I keep a list of cities and areas I plan on featuring in THE TABLE. On the list was Washington, D.C. On Memorial Day Sunday, while watching the National Memorial Day Concert on PBS, the list came to mind, and that Washington had not been addressed. So the decision was made for this week’s column.
Washington, D.C. (District of Columbia) is the capital of our United Sates of America. It was in 1790 that approval for a capital district was put in place.
D.C. is the home of Congress, the President and Supreme Court. There are many national monuments and museums. It is also home to many organizations and agencies that impact the government. Both states of Maryland and Virginia each donated land to form D.C. in 1791, and it was named after George Washington, one of the country’s founding fathers and our first president. In 1846, the land that originally belonged to Virginia was returned to state of Virginia.
The Constitution permitted a “district” not more than 10 miles square to be established, a site along the Potomac River. Over the years the city has grown to more than 68 square miles. In 1801, the District of Columbia came under exclusive control of the federal government.
Washington, D.C. is not a state and it has no voting representatives in Congress. Residents elect one non-voting delegate to the House of Representatives, who doesn’t have a vote on the House floor. Since 1973, there has been an elected mayor and a 13-member council. But, Congress still maintains the supreme authority over the entire city and can overturn local laws.
Today there is an estimated population base of more than 650,000. Mostly government employees and commuters from the surrounding areas can grow this number to one million daily.
Washington, D.C. was a planned city designed by Pierre Charles L’Fnfant, French architect and city planner. His plans were based on the cities of Europe. Original plans envisioned open spaces with garden-lined avenues, like spokes on a wheel with the Capitol in the center.
Throughout development some plans have gone astray. Part of the city became marred by slums and misplaced buildings. The D.C. skyline is low and sprawling. The two highest buildings are the Capitol and the Washington Monument. Some believe height restrictions of buildings limited affordable housing and added to traffic congestion.
High unemployment rates and crime go hand-in-hand. Poverty, drugs and gangs in the 1990s gave the city the label of the “murder capital” with 479 murders within one year.
Tourism is the second largest industry in D.C. In recent years approximately 18.9 million visitors have pass through the city. Statistic show of the top 500 companies in the U.S., four are headquartered in D.C.
The city has so much to offer. To mention just a few things, there is the National Mall, a large open park between the Capitol and the Washington Monument, and the Smithsonian Institute – an educational foundation maintaining most of the nation’s official museums and galleries, open to the public for free. There are many private museums. D.C. is the national center for the arts.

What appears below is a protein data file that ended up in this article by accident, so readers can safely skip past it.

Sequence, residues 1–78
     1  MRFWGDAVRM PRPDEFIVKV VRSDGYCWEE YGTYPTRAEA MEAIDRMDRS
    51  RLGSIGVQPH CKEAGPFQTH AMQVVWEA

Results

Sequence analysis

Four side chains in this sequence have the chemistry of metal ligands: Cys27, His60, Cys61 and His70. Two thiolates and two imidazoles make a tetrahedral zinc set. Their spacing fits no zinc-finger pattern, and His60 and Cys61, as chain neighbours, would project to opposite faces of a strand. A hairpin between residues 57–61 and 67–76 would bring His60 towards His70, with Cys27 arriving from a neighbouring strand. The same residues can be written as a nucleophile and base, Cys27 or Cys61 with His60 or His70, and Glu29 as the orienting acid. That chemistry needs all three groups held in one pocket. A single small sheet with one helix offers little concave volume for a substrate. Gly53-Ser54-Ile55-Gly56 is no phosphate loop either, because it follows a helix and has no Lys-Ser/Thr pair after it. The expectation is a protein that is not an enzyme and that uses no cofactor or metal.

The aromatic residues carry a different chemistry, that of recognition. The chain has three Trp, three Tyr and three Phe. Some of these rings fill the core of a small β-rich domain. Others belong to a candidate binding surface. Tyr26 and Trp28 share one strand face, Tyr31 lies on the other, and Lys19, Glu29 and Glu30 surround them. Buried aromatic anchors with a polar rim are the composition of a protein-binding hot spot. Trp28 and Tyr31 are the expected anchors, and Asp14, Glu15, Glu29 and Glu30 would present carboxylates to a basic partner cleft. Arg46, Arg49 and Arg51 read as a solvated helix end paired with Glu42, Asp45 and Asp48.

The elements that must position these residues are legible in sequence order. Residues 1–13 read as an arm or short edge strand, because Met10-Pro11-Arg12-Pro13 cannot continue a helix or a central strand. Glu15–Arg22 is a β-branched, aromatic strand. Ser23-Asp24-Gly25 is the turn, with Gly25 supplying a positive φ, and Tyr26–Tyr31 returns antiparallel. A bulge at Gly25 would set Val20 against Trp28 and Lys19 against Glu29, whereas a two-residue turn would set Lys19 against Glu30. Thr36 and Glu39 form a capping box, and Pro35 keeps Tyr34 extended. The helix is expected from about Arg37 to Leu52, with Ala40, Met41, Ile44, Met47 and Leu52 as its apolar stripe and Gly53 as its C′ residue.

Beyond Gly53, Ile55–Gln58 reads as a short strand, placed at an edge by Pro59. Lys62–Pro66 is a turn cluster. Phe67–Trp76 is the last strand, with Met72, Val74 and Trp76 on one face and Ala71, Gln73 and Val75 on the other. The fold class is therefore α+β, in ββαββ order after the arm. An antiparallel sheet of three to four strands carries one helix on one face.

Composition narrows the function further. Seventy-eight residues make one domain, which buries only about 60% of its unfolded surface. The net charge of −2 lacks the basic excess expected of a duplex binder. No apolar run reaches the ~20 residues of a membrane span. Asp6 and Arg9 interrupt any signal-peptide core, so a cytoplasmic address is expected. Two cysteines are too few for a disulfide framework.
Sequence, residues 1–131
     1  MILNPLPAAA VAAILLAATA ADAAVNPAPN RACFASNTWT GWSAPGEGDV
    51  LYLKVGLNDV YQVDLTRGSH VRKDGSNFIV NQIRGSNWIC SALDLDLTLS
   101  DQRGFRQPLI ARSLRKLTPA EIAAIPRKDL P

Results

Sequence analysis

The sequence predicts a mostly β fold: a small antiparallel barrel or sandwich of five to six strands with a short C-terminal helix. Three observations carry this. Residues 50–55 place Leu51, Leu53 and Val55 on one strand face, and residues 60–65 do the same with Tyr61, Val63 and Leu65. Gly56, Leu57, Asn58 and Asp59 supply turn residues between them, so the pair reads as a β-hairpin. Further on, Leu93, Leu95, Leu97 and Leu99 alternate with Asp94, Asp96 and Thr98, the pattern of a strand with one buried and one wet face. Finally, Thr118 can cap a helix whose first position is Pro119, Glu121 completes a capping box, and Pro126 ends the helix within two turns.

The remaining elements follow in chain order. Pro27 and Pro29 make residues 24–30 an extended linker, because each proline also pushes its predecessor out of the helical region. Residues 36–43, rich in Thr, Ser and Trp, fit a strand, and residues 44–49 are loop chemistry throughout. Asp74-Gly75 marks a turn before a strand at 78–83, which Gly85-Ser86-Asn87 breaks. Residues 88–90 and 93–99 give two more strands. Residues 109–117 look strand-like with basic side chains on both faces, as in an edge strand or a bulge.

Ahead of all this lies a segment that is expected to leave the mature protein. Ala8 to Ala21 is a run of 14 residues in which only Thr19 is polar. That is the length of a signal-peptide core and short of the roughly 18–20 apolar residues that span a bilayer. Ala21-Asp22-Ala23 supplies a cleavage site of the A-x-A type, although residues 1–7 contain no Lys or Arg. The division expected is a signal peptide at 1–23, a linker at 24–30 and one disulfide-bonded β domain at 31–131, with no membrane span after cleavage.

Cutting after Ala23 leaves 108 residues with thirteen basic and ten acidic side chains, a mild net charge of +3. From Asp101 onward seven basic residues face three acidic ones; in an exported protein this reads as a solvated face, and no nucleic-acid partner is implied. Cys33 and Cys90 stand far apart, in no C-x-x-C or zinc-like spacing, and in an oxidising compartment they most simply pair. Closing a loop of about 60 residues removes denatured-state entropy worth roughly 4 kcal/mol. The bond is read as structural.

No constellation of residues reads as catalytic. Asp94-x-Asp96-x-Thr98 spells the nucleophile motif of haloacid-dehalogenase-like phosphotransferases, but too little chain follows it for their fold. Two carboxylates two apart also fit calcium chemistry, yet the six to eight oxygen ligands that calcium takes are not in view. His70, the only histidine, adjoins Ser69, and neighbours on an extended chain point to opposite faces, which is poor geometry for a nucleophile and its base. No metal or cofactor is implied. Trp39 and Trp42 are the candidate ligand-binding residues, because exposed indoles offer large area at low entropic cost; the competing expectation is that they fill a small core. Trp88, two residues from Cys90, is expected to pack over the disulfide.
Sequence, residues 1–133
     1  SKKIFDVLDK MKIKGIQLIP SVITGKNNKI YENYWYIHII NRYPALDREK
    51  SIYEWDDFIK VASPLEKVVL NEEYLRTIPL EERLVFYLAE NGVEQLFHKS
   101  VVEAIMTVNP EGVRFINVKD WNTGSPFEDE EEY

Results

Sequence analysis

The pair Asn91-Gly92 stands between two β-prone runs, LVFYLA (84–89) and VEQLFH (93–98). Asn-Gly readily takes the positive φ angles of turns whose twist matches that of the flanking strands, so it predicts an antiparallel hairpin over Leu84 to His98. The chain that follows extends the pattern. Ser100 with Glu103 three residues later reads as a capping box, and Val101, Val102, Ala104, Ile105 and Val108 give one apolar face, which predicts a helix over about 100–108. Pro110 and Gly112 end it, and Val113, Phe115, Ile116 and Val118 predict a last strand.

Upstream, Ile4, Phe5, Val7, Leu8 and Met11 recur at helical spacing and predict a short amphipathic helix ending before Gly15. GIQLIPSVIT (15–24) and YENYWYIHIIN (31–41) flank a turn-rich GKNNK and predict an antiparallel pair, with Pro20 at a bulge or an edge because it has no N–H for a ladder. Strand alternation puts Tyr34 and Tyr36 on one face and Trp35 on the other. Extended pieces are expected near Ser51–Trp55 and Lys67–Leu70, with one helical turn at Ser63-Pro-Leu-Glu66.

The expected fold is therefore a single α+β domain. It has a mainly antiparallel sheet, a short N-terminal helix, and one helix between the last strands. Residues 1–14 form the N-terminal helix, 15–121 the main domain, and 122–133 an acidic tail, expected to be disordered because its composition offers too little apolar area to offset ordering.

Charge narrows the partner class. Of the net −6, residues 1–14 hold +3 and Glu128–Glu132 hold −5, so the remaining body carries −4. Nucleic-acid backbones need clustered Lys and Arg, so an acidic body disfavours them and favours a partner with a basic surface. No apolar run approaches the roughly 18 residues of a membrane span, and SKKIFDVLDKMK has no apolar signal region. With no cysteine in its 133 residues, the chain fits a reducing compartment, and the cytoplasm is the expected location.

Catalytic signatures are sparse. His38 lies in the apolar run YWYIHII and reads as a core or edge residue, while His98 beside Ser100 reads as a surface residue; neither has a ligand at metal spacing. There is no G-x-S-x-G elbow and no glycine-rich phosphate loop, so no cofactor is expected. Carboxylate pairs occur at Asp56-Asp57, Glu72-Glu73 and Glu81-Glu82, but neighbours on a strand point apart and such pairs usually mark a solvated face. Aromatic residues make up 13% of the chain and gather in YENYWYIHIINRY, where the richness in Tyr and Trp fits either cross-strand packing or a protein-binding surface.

The architectural features of the city vary a great deal. At the top of the list of America’s favorites is the White House, Washington National Cathedral, Thomas Jefferson Memorial, the Vietnam Veterans Memorial and the list goes on.
When it comes to sports, it has four major professional men’s teams and one major professional women’s team. Current teams have won a combined total of 10 championships.
There are 176 foreign embassies located in the city. This mix makes for diversified and complex eating in and around the area. Restaurants throughout the city offering a variety of food to diners.
The food that stands out and is served in large quantity is found on Congressional Hill in its 11 dining rooms, serving gallons of this soup daily. The first bowl of this soup was served in 1940 in a Senate dining room and still going strong.
This recipe was given to me by Joe Hoeffel, who at one time was a representative from 13th District PA, while taping for one of my television shows.
Congressional Bean Soup
• 1 pound dried white beans, Great Northern or navy
• Water to soak
• 1 meaty ham bone or 2 smoked ham hocks
• 3 quarts of water to cook
• 3 medium onions, finely chopped
• 3 cloves garlic, minced
• 3 ribs of celery, finely chopped
• 1/4 cup parsley, finely chopped
• 1 cup cooked mashed potatoes (or 1/3 cup instant potato flakes)
• Salt to taste & diet
• 1/2 teaspoon fresh ground black pepper
• Garnish with parsley or chives
Soak beans overnight or at least for several hours until soft. Drain the beans and place with ham in large soup pot. Add 3 quarts of cold water. Bring to a boil, reduce the heat and simmer over low heat. Skim if necessary. Chop the onions, garlic, celery and parsley. After the beans & meat have cooked for 2 hours, add vegetables and potatoes to the pot. Simmer for additional hour, until beans are tender. Season with salt & pepper. Remove the bones and meat from the soup. Dice meat into 1/2” pieces and return to pot. Ladle into hot heavy soup bowls and garnish.
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